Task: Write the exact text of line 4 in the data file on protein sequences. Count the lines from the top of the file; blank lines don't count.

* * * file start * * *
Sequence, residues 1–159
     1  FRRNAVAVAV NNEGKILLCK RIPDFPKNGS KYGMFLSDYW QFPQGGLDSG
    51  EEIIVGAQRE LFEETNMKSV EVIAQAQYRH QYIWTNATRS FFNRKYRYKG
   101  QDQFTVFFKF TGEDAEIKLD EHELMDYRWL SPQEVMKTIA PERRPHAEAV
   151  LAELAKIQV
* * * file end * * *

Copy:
   101  QDQFTVFFKF TGEDAEIKLD EHELMDYRWL SPQEVMKTIA PERRPHAEAV